Malcolm McDowell has yet to surpass his performance here. He exquisitely creates the perfect tone necessary to make Alex believable, and yet equally as impossible. Many consider the work to be disturbing, but this aside, the characterisation present throughout this work of art is a standalone in literature. There is nothing like it anywhere else, and because of its uniqueness, deserves to be placed this highly on the list. Considering the critical acclaim both media have accrued over the last few decades, it goes without saying that Alex DeLarge is still one of the most perplexing and regretfully rewarding psychopaths ever to be penned.

Alex DeLarge is truly neutral.

Jeremy Brett's impeccable portrayal stands alone atop the mountains of material inspired by A.C. Doyle's reluctant hero.

Jeremy Brett's impeccable portrayal stands alone atop the mountains of material inspired by A.C. Doyle's reluctant hero.

Number One: Sherlock Holmes

This should have been expected. The widely adored "reluctant" hero of Holmes was most likely a caricature of Sir A.C. Doyle himself, though that has never truly been confirmed. Doyle detested writing his Adventures catalog, and in his attempt to move onward in his artistic endeavors killed off his hero. This lasted only so long until the public demanded that there be more Holmes produced, so he wrote The Return as an answer, with a rather simplistic and somewhat insulting solution to the once befuddling downfall.

This aside, Holmes has been portrayed more often on stage and on film than any other fictional character. Also, he is the direct inspiration for the Batman (and conversely, Moriarty for the Joker). The laundry list of actors who have attempted such portrayals is very long, though none need mention as much as the impeccable Jeremy Brett. Brett owned the character, as he'd learned and practiced Holmes-esque techniques in the same vein as the character himself would have--in seclusion, in obsession, and with imagination.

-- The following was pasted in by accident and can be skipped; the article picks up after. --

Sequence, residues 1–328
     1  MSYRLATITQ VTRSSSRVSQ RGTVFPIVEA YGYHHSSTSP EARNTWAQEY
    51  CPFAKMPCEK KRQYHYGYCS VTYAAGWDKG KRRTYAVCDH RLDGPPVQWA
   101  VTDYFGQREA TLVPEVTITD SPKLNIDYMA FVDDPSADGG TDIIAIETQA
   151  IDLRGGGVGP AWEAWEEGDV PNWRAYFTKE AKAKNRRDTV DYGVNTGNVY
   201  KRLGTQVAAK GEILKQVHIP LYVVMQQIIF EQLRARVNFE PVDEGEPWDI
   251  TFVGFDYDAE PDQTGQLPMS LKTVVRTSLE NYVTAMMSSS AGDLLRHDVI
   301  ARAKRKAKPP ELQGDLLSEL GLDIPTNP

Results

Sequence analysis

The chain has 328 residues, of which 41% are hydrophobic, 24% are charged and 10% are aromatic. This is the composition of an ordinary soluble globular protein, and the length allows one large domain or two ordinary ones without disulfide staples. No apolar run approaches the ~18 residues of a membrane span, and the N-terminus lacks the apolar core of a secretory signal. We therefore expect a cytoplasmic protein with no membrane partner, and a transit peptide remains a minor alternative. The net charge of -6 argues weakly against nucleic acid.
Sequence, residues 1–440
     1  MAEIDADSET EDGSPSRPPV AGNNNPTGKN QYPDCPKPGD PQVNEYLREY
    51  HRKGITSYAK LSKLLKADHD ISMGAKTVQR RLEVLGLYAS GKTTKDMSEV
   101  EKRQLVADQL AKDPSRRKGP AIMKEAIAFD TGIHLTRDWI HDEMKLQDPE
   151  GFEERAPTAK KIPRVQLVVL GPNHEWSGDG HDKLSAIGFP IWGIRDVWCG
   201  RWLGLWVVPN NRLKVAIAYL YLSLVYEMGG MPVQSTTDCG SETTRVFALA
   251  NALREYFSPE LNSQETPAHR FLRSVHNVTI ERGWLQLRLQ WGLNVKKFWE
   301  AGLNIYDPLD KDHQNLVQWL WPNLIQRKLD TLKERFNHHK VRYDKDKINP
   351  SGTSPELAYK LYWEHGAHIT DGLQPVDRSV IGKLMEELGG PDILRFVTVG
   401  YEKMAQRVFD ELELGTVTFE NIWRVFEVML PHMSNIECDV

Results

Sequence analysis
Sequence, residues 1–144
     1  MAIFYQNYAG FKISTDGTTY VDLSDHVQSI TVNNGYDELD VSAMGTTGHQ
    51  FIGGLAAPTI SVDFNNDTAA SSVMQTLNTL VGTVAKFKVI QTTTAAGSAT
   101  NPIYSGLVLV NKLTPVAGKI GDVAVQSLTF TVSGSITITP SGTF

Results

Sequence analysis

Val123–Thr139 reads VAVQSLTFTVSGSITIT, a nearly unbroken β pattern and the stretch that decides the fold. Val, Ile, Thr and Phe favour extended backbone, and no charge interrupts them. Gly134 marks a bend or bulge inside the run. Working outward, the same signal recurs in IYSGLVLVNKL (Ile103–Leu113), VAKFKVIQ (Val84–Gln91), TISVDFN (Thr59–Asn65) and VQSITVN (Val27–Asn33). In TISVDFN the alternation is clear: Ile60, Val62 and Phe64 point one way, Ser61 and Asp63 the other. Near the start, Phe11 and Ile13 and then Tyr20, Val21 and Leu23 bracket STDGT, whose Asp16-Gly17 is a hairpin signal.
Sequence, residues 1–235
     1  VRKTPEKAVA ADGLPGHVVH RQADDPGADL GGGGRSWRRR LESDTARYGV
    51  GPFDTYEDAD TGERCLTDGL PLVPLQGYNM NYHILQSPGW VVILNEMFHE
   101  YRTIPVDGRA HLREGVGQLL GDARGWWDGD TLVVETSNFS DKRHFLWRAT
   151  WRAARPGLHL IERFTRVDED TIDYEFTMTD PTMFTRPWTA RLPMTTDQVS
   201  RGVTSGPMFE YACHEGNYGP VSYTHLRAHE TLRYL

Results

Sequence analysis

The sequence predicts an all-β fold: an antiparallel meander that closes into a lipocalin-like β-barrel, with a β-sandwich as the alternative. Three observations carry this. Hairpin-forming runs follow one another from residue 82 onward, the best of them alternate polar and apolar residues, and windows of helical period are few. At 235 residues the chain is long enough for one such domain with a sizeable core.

Holmes also is the fictional blueprint for Asperger's Syndrome, which wasn't discovered until a half century later by Hans Asperger, but allegedly Doyle was considered an eccentric with tendencies that mirror exactly the common symptoms of high functioning autistics. With the massive improvements science has made in the field of neurology, we now have a better diagnosis and basis to judge, but during the time of this character's existence, he was an outcast. Socially, he was inept. He was perceived as egocentric and rude, but was more or less simply a brutally honest genius who was exhausted by the slow moving minds he had to deal with every second of every day, and therefore he took on an almost anti-hero form in his day.